Start: February 1, Cape Town
Finish: March 15, Olifantsfontein
Number of ostriches that can fit in a truck: 84
Cutest baby animals: Cheetahs (followed by miniature horses)
From the beaches and Indian restaurants of Cape Town we head east along the coast to explore the rest of the cape. We spend weeks in the middle of nowhere, track down Kobus' ancestors, and stand in awe at the diversity and beauty of South Africa.
Our next stop was a little place called Groot Brak River. Just the other side of Mossel Bay, this mostly farming town, does not disappoint. We rented a little cottage out in the sticks. With huge windows, a fire pit, indoor braai area, absolute peace and quiet, oh, and did I mention there's wifi? It didn't take long for us to extend our stay.
We spent a few less-than-sober nights taking star trail photos. It really looks like this!
Every weekend we made sure to visit the famous Sedgefield farmers market. Kobus' aunt and uncle both have stands there. And, to our delight, one of them was an amazing tacos stand! Fresh ingredients, handmade tortillas, cilantro, and homemade chili sauce. Finally someone that understands Mexican food in South Africa. We pigged out every weekend. And even bought the extra tortillas at the end of the market to make our own back at the ranch.
Kobus' uncle on the other hand, sells these flowers, Proteas. Native to South Africa, they are huge and bright and beautiful! It's difficult to explain, until you have a bouquet of them sitting in your house.
But we didn't run around to markets all the time. In fact the majority of our 2 weeks in Groot Brak were spent here, on laptops, working for clients and paying the bills. But with a view like that, can you really complain? No. No you can't.
Next stop was Knysna and a visit to the famous forest of Yellow Wood trees. I know, forests in Africa? But this is a bonafied gigantic forest, and just to make it African, it does have elephants. Made famous by Dalene Matthee's book, Circles in the Forest, this place is magic.
But what we discovered a few days later was even more fascinating...
Kobus' great grandfather, Jan Barnard, was a lumberjack in the same forest, back in the early 1900's when it was still legal to harvest the yellow wood trees. We found his grave, and a few crazy old South Africans that knew him before he passed away, more than 40 years ago.
It doesn't take long for Kobus to make friends with the Knysa butcher (does it ever). And all the sudden we're eating proper Argentinian Asado, right here in the middle of South Africa. The meat is cheaper here than in Argentina, so we made a feast.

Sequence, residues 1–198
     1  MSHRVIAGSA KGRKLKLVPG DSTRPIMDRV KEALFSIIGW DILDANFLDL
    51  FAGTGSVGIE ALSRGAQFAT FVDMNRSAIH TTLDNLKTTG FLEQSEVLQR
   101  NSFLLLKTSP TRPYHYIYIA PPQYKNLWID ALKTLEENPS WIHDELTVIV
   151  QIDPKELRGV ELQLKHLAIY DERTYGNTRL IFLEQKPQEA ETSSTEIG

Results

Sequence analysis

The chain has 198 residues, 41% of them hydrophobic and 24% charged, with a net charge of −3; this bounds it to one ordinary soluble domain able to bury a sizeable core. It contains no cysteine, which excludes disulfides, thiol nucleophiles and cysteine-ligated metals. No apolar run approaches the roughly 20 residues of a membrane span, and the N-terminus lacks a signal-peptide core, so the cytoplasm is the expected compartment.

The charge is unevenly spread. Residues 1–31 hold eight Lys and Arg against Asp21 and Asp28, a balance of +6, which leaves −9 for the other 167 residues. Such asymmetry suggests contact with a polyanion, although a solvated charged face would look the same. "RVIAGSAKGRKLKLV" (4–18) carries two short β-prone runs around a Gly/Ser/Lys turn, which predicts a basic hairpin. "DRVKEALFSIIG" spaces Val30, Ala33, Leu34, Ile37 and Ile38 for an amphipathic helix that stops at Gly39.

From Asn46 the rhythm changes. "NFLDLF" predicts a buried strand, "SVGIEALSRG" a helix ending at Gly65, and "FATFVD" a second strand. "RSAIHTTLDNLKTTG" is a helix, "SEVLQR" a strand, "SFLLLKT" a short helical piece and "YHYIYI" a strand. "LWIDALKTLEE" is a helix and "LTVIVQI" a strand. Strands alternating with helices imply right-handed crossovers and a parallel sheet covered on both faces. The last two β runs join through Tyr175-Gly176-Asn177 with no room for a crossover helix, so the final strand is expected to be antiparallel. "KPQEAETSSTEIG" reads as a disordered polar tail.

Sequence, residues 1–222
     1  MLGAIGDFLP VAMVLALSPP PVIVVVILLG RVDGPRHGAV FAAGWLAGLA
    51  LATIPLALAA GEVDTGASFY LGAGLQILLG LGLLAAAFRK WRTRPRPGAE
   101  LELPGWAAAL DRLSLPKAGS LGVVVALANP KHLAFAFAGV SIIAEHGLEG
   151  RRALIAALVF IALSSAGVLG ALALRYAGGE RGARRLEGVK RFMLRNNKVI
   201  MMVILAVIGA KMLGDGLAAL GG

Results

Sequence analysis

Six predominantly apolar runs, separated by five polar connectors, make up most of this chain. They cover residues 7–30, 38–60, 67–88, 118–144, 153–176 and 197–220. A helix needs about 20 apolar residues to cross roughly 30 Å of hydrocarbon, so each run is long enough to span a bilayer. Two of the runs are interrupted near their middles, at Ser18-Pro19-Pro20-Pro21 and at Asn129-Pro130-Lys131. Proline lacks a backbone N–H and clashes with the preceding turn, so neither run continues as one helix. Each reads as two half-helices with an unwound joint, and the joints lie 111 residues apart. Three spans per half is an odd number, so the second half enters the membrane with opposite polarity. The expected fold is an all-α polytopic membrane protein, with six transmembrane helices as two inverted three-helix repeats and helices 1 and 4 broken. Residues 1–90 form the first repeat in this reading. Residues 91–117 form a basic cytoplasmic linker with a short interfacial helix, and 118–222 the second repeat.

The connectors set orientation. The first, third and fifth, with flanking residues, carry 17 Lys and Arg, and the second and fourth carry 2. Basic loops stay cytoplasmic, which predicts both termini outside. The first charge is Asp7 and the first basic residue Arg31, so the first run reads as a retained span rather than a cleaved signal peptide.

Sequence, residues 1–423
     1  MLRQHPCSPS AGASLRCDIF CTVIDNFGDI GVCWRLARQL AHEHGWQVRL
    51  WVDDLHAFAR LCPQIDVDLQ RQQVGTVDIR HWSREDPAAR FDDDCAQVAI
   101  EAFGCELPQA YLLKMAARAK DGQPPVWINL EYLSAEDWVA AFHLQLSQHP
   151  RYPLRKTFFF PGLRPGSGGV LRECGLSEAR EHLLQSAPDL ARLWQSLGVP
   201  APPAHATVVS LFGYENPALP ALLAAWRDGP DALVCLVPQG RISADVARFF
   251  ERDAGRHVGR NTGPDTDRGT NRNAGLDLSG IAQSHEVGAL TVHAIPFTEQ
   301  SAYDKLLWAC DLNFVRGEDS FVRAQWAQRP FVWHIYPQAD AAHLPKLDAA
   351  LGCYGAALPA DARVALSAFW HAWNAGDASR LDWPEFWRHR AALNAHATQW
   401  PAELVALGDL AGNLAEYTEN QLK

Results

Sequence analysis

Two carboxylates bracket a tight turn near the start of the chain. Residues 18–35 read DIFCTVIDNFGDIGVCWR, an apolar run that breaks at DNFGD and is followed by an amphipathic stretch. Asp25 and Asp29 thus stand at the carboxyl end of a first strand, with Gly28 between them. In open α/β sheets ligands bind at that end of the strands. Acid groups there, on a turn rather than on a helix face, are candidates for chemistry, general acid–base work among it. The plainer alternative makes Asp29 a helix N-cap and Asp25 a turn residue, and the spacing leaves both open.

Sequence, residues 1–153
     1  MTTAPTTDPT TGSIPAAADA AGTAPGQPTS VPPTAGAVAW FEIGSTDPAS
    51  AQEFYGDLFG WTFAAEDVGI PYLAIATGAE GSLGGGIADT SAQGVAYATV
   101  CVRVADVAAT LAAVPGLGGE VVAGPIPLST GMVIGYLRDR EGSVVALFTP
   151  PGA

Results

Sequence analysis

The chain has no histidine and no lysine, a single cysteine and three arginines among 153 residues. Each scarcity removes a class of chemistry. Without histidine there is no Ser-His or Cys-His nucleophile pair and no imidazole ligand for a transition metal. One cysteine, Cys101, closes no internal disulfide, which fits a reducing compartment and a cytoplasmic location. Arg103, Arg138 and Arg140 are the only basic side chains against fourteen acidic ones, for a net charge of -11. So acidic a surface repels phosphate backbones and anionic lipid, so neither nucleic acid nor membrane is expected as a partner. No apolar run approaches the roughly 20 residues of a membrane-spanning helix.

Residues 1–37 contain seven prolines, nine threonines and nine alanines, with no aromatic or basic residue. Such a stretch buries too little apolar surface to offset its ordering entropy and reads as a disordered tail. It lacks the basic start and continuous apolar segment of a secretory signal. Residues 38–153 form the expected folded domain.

Up next, the creepy Thesen Island. Just outside of Knysna, this small island was owned by a saw mill. The whole place was almost completely underwater at high tide, but then it was purchased by a developer, who built the entire island up 3 meters. Then made a series of canals and cookie-cuter houses, which now sell for entirely too much money. It's like the Truman show, only on water.
After 2 months in the Western Cape we finally cross the state line over to Jeffery's Bay. Again, in a moment of weakness, I see a sign for a Mexican restaurant and we decide to check it out. Kobus does not approve. "We're only going to be disappointed." He was right. The food was awful. Thankfully we had Caiprinhas to wash it down with.
From Jeffery's Bay we head to East London, passing delightful ostrich trucks as we go.
But our arrival in Cintsa East was worth the long haul. We walked for hours and hours on the beach without seeing another person. Of course, that wasn't such a good idea with no food and water. But the pile of fish and chips and cold beer made the long walk worth it.
Next stop was Port St. John's. A place that has seen better days. In fact, while we were shopping at the local supermarket, there was an robbery of an armored vehicle. Six people shot, and they still got away with the money. I guess that's why they call it the wild coast.
The view from our balcony... where the river meets the ocean. There's no beach, just a big messy wild coast. More like jungle than tundra. And no farmland in sight.
From Port St. Johns we return to one of our favorite places, the Drakensburg. Huge plateaus and mountains for hundreds of miles. The Drakensburg borders Lesotho, and is a spectacular place to do some hiking.
The place we stayed also had baby ponies (technically, baby miniature horses). They're extra fluffy and about the size of small dog. But oh-so-cute! Speaking of fluffy:
In case you missed it, we also stopped off in Bela Bela to visit the DeWildt-Shingwedzi Cheetah farm. The only place I know in the world that will actually let you pet baby cheetahs!
And from there, home again. We spend a few weeks with the family, celebrating my Dad's 60th birthday with a 12 kilo lamb roast.
Up next: We're headed back to the States... Did you hear, Overland Expo is less than a month away?!